Clothing Made From Coffee Grounds

Across the world, coffee brings people together. Whether you’re on a date, catching up with friends, or heading to the office, it’s likely you’ll be doing it with a cup of coffee in hand. In 2020/2021, about 166.63 million 60-kilogram bags of coffee were consumed worldwide, making it one of the highest consumed beverages in the world (Statista). According to sustainability researcher Gunter Pauli, this creates more than 23 million tons of waste per year. How do we reduce that number? By turning those coffee grounds into clothing.


Our waste creation is a colossal problem with severe consequences; Pauli has a solution. It’s called the Blue Economy and it goes much beyond our current “green economy” practices. And the best part? It’s affordable.

Many of the environmentally friendly solutions that exist today, exist for those who have expendable income. Like Pauli says, if we want transformation, it needs to be accessible to everyone. The blue economy starts by making an effort to use what we have in efforts to reduce waste. “If I have a cup of coffee and from the waste of that coffee I can grow mushrooms, and the waste from those mushrooms is good food for my chicken I get three cash flows. It’s all operated locally with what I have,” says Pauli.

The blue economy is a big stride towards sustainability. To implement such goals, we need to start on the small scale: compost, go zero waste, etc. And once we, as individuals, have done what we can it’s time for businesses to step up. The good news is, some businesses are already taking these steps. As consumers, we need to do our best to support the businesses that operate with a sustainable mindset and move away from those that promote fast fashion and intentionally manufacture products meant to break.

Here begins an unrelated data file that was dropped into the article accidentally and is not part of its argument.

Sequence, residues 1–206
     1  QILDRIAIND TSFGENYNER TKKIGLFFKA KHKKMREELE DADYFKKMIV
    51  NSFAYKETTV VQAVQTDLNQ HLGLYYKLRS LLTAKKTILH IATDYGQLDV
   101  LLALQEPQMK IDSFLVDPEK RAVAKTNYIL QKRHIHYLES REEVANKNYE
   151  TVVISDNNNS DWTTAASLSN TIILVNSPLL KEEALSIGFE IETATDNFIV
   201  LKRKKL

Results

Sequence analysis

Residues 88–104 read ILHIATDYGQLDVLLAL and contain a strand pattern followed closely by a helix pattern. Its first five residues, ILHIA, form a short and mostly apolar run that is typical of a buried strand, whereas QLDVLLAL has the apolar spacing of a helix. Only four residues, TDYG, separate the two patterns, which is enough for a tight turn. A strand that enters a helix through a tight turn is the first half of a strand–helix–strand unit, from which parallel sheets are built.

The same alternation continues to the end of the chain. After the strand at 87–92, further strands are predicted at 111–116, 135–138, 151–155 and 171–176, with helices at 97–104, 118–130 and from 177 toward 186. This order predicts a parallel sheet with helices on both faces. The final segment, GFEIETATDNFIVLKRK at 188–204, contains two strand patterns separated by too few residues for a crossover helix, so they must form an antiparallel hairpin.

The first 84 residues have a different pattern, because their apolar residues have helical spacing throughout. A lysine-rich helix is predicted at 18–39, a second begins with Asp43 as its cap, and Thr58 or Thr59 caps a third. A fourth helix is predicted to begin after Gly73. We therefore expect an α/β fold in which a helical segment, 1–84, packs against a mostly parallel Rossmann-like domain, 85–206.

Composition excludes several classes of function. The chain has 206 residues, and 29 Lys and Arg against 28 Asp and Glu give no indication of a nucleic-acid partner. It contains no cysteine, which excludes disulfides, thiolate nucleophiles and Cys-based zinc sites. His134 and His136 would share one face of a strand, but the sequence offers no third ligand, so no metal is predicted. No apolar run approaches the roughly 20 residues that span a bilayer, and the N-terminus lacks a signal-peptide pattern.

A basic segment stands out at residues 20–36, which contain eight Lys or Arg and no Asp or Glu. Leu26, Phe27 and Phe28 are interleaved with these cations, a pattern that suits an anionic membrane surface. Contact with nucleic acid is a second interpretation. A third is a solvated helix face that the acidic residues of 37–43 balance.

23 million tons of coffee waste is a great place to start reusing. In 2009 Singtex, a Taiwanese textile company, did just that. They put in the time and research to create S. Café coffee yarn and coffee fabrics. The patented process produces fabrics with many benefits. Let’s take a look at a few.


Yarn infused with coffee saves landfills from coffee waste, reduces the amount of petroleum based products in production, lowers carbon emissions and uses less energy to manufacture. Not only is coffee clothing good for the environment, but it’s good for you as well, especially if you’re a traveler/backpacker reliant on active wear. It has properties similar to synthetic performance clothing:

  • Odor resistant
  • Anti-bacterial
  • Moisture wicking
  • UV protection
  • Keeps you cool


To make coffee grounds into clothing, the grounds are first spun into yarn. To do so, the oils are extracted from the coffee grounds, cleansed, and ground down into micro-particles. In contrast to synthetic fabrics (processed in high-pressure, high-heat), the coffee grounds are processed in a high-pressured, low-temperature environment. The grounds are then mixed with a recycled synthetic material (polyester or nylon) to form a technical fabric similar to completely synthetic sportswear.

And if you think that’s cool, you’ll be excited to learn soybean is also used to make super soft, eco-friendly clothing!

Coalatrees’ Barrage Technical Shell – Made with coffee + recycled plastics